Wednesday, November 29, 2006

To do: Photo Studio Technical Assignment

A guy on Flickr posted this lesson about Learning to use perspective control and lighting ratios.

Wednesday, November 22, 2006

Right and Wrong

We, as a society are often lead to believe that the world is filled with "either, or's".

Good or bad.
Right or wrong.
Black or white.
With us or against us.
Republican or Democrat.

The reality, however, is that the world is full of grey.

Lesson #1: Learn to recognize propaganda.
It's all around you and not always as obvious as the billboards and signs put up by special interest groups. Propaganda is spread through the media, speeches made by government officials, through churches, in popular music, tv programs (including "reality shows"), etc. It comes at us from all directions along with advertisements and other things that we don't take in any more deeply than your average advertisement, yet just like we tend to pick up the brand named laundry detergent in the store, those other messages effect us as well. Consider the source of any information you get and check the statistics yourself. A quick goggle search is usually all it takes. Then, check out the arguments on the other side of the debate to make sure you have all the information before you declare your position on a topic. If you find you don't agree 100% with either side, that's good, it means you're a real person and not a "follower" (aka "mindless drone").

Lesson #2: We all have bias, learn yours and keep it in check.
There's no shame in having positions, but make sure that YOU have THEM, and not the other way around. I'm very opinionated, but I recognize that since I don't believe in a god, I tend to favor reading, watching, or listening to things that are critical of religion. At first I chose this material because it entertained me, then I realized it was strengthening my bias against religion to the point where I went beyond logic and began actively hating the church -wanting to attack it in some way, show people their God was false, discount the church's position in society, etc. -That's going too far. It's important to realize when that happens, then you need to pull yourself back, and start seeking media geared towards the other side of the debate. It probably won't change your mind, but it'll help you see that those on the other side believe in their opinions as strongly as you do. If you don't take time to listen and consider their ideas, how can you expect them to do the same with your arguments and viewpoints?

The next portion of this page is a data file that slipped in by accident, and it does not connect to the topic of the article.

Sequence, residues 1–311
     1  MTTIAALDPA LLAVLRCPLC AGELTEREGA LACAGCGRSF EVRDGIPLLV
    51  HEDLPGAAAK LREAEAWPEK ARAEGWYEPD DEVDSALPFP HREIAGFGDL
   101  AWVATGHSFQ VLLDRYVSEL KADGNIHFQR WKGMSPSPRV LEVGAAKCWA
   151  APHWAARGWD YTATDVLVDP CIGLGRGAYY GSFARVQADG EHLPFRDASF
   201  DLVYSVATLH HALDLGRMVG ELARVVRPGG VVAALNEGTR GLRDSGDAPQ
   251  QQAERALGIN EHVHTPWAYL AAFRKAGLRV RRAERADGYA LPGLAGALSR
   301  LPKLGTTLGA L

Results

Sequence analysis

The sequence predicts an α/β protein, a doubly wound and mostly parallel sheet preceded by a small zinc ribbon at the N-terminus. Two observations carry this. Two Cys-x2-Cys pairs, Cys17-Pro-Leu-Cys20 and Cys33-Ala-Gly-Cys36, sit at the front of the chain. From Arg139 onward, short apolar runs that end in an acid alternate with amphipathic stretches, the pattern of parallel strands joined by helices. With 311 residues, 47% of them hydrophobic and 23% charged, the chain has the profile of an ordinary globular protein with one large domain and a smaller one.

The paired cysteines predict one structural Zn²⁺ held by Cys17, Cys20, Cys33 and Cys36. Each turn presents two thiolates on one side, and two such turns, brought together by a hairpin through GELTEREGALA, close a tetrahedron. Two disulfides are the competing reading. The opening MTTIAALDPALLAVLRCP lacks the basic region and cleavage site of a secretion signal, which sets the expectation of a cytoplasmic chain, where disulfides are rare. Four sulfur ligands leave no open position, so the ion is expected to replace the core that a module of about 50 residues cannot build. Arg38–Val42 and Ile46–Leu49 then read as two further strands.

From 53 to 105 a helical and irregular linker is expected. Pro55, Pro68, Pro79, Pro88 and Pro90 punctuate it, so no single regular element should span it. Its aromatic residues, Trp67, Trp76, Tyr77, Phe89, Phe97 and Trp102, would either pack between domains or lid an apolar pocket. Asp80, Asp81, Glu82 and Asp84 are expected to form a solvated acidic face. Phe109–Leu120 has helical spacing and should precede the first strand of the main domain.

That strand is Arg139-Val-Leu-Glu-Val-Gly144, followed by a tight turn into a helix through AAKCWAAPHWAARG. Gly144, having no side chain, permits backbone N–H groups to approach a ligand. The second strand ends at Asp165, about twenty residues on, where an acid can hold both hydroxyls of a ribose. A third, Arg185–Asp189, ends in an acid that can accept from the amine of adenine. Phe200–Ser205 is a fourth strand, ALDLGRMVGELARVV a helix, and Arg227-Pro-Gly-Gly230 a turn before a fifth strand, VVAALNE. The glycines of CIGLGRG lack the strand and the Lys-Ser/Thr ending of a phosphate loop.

Lesson #3: Before taking any action, make sure you'll still feel good about it tomorrow.
It's easy to get worked up by the topic of the day, but if you intend to take it one step further by joining a campaign or otherwise working for a cause (including publicly advertising your opinion via T-shirts, bumper stickers, etc) make sure you know where you stand on the topic and think of it in a broader sense. -Is it really what's best for the whole country? What if you (or your child) were in the minority (or the adversary)-would you feel that the change you're fighting for would still be considered fair? -Lots of people believed that slavery was moral and that black people didn't deserve equal rights all the way up until the 1960's when the last of the laws allowing segregation of public facilities and marriage were abolished. If you were fighting to keep segregation then, you'd be embarrassed about it today. Is the topic of today the next big embarrassment of tomorrow?

Which side are you on?